- Associated Press - Wednesday, February 13, 2019

Recent editorials from South Carolina newspapers:


Feb. 13

The Times and Democrat of Orangeburg on heart health knowledge:

It could be said that a study is getting to the heart of the matter during February’s Heart Month.

The national survey conducted by MDVIP, a national health care network with more than 950 primary care physicians, and Ipsos found that while seven out of 10 Americans acknowledge heart disease as the number one killer of both men and women, people still worry more about cancer (62 percent) than they do a heart attack (55 percent).

Nearly two-thirds of Americans (62 percent) failed the “Heart Attack IQ” quiz, proving a lack of knowledge about heart disease, the risk factors and prevention. Less than 1 percent of Americans got an A on the quiz, with 3 percent getting a B, 12 percent getting C and 23 percent scoring D.

“The health care community has made important strides in raising public awareness about heart disease, yet our research shows a significant gap in how much people understand about the disease and their own risk for a heart attack,” said Dr. Andrea Klemes, chief medical officer of MDVIP. “Considering that at least 80 percent of cardiac events are preventable, primary care physicians are a first line of defense in helping prevent, and potentially reverse, the disease through more comprehensive risk assessment, better education and health coaching that together lead to long-term lifestyle changes in patients.”

The survey reveals many Americans are uncertain, if not ill-informed, about the risk factors for a heart attack and what increases a person’s odds for having one.

Online: https://thetandd.com/


Feb. 10

The Post and Courier of Charleston on federal transit funds:

The federal Highway Trust Fund is going broke. The trust fund, which is the main source of federal money for highways and public transportation nationwide, has been operating in the red for over a decade now.

That’s a problem for states like South Carolina that depend heavily on federal funding to shore up their transportation budgets - about 42 percent of South Carolina’s Department of Transportation funds come from the federal government - and plan for long-term projects.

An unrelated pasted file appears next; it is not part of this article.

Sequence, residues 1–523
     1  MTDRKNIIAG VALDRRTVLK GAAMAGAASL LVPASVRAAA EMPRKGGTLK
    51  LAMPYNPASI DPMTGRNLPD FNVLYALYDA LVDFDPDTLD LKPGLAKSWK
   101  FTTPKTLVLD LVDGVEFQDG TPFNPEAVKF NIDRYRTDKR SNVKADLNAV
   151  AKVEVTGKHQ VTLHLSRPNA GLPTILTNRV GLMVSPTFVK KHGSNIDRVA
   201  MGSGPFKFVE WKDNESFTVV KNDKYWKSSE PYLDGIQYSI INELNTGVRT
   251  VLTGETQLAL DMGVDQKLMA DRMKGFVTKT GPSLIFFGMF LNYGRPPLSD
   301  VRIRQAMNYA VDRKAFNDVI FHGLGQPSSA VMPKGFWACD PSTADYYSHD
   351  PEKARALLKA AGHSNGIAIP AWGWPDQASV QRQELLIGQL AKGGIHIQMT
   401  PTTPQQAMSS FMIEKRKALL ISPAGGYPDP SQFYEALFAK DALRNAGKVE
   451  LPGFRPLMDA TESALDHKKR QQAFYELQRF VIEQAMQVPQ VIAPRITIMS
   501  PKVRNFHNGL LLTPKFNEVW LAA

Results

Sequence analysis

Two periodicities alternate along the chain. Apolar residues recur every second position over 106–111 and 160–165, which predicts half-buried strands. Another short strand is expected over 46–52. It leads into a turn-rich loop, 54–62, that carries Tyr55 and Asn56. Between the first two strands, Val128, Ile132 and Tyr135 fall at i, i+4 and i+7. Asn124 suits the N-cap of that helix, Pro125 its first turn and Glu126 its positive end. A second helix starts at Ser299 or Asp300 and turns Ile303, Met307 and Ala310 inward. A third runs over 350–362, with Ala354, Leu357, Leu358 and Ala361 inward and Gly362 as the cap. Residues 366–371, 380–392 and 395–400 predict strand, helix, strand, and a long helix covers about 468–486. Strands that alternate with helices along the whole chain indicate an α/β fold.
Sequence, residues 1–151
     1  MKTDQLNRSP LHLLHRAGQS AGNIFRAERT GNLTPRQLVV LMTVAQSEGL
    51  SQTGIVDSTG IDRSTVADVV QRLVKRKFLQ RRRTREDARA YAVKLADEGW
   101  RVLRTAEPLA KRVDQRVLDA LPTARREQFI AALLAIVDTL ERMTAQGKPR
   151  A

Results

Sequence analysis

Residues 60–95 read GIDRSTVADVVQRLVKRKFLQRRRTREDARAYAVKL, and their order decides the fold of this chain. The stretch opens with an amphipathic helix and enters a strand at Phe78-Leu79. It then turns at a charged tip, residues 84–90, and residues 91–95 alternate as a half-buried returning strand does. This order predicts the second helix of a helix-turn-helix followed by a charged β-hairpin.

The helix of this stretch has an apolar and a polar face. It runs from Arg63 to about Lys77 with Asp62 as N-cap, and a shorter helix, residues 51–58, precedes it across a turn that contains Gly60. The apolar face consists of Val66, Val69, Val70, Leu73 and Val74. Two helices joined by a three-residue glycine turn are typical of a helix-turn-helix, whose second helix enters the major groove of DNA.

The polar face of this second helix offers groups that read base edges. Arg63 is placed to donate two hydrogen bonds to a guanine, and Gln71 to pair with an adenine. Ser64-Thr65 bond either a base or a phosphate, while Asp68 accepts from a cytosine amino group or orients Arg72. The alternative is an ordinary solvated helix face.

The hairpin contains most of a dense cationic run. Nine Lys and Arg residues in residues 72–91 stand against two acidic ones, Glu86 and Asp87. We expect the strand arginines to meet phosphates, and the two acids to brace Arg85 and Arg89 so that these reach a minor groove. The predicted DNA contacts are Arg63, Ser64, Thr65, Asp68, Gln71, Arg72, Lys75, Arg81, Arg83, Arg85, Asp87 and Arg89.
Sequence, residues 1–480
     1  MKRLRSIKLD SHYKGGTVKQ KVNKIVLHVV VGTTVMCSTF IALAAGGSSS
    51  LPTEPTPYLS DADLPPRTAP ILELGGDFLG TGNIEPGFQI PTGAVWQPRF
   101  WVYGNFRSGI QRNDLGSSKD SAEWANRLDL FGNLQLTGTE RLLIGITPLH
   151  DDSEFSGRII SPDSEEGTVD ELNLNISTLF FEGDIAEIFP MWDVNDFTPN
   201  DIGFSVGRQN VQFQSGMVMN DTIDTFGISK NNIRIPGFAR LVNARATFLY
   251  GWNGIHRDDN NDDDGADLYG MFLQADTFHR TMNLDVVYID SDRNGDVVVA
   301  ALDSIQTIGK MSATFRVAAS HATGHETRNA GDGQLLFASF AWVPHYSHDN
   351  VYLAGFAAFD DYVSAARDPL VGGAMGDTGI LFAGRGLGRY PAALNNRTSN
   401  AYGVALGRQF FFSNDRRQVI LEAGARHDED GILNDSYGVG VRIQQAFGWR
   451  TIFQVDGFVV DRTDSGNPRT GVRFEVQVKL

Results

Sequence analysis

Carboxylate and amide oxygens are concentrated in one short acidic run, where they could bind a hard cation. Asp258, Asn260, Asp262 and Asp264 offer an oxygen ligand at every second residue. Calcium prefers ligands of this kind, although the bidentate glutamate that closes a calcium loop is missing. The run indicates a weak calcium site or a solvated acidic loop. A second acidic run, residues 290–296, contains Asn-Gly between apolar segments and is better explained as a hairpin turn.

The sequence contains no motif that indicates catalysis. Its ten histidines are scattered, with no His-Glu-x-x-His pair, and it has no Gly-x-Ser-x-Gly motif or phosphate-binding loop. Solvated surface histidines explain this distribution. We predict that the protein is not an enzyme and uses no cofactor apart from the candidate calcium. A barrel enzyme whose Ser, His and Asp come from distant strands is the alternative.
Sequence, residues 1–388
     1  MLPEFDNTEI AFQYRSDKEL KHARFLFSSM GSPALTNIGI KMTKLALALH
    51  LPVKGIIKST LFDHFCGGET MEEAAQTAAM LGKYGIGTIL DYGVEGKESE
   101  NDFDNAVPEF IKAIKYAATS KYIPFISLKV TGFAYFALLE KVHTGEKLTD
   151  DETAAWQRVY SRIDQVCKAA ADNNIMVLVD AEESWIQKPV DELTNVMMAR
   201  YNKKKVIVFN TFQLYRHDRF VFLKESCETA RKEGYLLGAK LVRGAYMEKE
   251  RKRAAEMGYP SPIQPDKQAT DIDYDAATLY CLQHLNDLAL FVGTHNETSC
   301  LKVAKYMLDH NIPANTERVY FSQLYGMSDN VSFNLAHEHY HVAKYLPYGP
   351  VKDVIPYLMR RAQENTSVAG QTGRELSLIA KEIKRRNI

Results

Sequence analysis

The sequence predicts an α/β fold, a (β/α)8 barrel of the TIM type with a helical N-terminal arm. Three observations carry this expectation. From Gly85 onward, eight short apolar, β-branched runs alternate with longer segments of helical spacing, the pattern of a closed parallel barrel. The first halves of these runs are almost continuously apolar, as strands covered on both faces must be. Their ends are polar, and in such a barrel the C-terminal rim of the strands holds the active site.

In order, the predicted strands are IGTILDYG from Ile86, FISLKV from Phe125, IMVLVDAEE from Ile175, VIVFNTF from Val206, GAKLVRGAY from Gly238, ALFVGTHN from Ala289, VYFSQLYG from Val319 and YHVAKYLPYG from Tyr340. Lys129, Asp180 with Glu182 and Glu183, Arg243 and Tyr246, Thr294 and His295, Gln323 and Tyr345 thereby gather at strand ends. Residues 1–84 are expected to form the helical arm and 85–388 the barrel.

According to a report released last month by the Congressional Budget Office, the Highway Trust Fund spent an incredible $115 billion more than it took in between 2008 and 2018.

Congress has periodically patched things up with infusions of cash. But the fund will be completely broke again by 2022 based on CBO projections.

The problem is that the trust fund gets most of its money from the federal gas tax, which hasn’t been raised since 1993. That revenue isn’t worth nearly as much as it once was by simple virtue of inflation, and vehicle fuel efficiency has dramatically improved on average over the past few decades as well.

Raising the federal gas tax by at least a few cents ought to be up for consideration, although that’s not likely a long-term fix. Lawmakers should also push to make sure existing roads are brought up to safe standards before building anything new.

And mass transit funding should be a much higher priority given that so many communities nationwide are years or decades behind in providing alternatives to car dependency.

Right now, only about 1.5 percent of the South Carolina DOT budget goes to anything other than car-focused infrastructure. Nationally, the number is closer to 20 percent, based on data from the U.S. Census Bureau.

In other words, South Carolina spends only about $37 million in state funds per year on buses and pedestrian and bicycle infrastructure, which isn’t nearly enough to keep the state’s existing bus systems running much less invest in something more transformative.